The Aesthetic Consumer Decision Journey, Part II: The Path to the Ideal Doctor

ideal doctor, aesthetic marketing, board certification, cosmetic surgery

As previously noted, the decision journey aesthetic consumers undertake is long, non-linear and, initially at least, focused more on possible options (e.g., procedures) than potential providers. It’s not, however, an all-or-nothing affair as the research people conduct on their aesthetic concerns inevitably exposes them to providers who can resolve them.

A lot of providers, which is why potential patients eventually narrow their search to a handful of doctors who warrant more serious consideration, thus creating a so-called “consideration set” that helps guide them toward a final decision. Knowing the roles various factors play in those decisions — what potential patients hope to learn about the contenders, in effect — can help you shape your content and increase the odds that you’re among them.

The ideal doctor is professional, open and honest

While board certification and experience are obviously important (more on them below), aesthetic consumers consider a host of non-technical factors as they narrow their searches. Case in point: When we asked members of the RealSelf community to name the three most important qualities in their ideal doctor, they cited professionalism (71%), honesty (63%) and being a good listener (54%).

The ideal doctor backs it up with proven skills and supporting evidence

There’s more to professionalism, of course, than an honest approach and pleasant bedside manner. As they conduct their research, aesthetic consumers want to see evidence that that professionalism extends to doctors’ skills and the results they provide. When we asked people what factors influenced them before they selected a doctor, the top three choices were experience/skill level (78%), board certification (73%) and results as shown in photos (72%).

Perceived experience and proven results set the stage for confident decisions

Creating a consideration set is, by definition, a process of eliminating options so it should come as no surprise that aesthetic consumers rely on the characteristics above — experience, credentials and photos — to create theirs. For many of them — 68%, according to RealSelf research — that consideration set consists of just two to five doctors, underscoring just how important it is that your content showcase those elements.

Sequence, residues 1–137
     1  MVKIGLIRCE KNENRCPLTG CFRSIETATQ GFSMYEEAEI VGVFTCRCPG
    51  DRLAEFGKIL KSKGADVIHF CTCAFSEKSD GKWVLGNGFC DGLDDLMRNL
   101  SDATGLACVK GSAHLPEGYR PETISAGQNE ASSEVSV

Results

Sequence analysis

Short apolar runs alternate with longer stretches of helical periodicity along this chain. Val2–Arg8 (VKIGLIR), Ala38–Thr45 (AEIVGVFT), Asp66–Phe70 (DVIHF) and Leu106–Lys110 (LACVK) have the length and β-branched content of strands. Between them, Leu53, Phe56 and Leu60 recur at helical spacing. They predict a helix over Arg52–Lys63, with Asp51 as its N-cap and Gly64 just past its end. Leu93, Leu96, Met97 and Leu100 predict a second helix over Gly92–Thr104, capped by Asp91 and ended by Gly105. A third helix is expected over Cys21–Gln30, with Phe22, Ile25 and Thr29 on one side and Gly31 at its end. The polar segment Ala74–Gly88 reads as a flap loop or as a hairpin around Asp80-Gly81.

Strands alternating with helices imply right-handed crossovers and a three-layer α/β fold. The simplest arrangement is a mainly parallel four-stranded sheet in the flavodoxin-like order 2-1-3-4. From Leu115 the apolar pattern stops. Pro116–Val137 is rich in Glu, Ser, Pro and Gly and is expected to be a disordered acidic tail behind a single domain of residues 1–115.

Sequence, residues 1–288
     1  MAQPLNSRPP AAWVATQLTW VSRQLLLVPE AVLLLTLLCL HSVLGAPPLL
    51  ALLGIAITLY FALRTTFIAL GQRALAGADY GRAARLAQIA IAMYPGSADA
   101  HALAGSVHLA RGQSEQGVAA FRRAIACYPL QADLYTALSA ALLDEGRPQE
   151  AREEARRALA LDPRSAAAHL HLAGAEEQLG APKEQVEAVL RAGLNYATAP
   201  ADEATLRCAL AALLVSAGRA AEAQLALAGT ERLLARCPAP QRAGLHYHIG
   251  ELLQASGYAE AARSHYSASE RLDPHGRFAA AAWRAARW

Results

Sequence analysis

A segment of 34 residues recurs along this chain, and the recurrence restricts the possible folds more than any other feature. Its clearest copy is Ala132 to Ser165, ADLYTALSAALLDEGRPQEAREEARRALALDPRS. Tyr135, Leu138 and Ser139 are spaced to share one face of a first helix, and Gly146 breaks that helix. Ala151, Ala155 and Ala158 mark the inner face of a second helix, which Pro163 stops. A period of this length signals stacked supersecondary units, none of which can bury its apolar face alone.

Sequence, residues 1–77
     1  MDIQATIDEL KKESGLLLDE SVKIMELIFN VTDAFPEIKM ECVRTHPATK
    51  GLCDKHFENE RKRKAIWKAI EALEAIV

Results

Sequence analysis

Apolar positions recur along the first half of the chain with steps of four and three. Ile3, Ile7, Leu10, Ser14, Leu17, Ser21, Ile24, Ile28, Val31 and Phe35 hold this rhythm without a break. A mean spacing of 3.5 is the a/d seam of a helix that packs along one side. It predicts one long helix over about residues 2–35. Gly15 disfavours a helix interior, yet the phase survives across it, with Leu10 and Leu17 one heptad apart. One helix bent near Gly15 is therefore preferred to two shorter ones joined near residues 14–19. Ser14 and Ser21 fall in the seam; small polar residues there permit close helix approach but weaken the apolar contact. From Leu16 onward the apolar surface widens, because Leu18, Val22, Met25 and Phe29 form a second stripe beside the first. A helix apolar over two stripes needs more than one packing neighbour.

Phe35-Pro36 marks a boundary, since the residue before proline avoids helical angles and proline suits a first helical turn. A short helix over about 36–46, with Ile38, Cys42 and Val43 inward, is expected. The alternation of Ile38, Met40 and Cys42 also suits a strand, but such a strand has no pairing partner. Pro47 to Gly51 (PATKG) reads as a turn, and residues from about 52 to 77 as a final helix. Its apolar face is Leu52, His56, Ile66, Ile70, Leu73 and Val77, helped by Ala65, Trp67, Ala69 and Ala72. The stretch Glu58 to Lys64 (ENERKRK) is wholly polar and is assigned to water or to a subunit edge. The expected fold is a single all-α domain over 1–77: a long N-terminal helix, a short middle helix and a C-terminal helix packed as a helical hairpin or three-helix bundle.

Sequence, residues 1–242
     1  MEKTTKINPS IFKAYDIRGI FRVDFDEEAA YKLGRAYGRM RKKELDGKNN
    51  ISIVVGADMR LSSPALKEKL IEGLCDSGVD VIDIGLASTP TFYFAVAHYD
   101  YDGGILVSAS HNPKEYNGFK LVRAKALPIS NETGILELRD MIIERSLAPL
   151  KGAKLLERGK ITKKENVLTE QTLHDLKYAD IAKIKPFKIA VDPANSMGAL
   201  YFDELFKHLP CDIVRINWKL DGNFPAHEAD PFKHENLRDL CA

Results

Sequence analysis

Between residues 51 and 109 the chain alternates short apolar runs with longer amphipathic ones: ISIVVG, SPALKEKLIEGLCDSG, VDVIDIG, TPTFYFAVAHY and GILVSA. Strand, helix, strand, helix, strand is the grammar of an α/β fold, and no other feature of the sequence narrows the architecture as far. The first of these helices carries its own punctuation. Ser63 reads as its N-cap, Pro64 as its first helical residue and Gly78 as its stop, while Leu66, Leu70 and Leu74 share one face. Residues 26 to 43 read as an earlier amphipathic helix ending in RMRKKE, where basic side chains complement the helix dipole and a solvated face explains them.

Online reviews help seal the deal

Making it into an aesthetic consumer’s consideration set is one thing; having them actually pick up the phone or send an email is another. So what makes a potential patient take that next crucial step? To answer that, we asked more than 1,800 community members why they contacted the doctor(s) they did by ranking seven possible factors. One in four cited board certification as the No. 1 driver but reviews came in second, cited by another 20% — more than photos (14%), referrals (13%) or years of experience (13%).

Doctor Takeaway

If you want to be considered, consider consumers’ top concerns

Potential patients are as unique as their individual aesthetic concerns but they also conform to patterns when choosing a doctor. During their oft-extensive research, they ask questions, read reviews from other patients and select (or reject) potential providers based on the information that research reveals. As the above data demonstrates, much of the winnowing takes place long before they actually contact your practice, which means your reputation is, in large part, defined by your online persona. Given the stakes, emphasizing the factors that aesthetic consumers use to gauge it can help ensure you make the cut.

About Rob Lovitt

Rob Lovitt is a longtime writer and editor who believes every good business has a great story to tell. He has written for dozens of magazines and websites, including NBCnews.com, Expedia.com and the inflight magazines of Alaska, Horizon and Frontier airlines.

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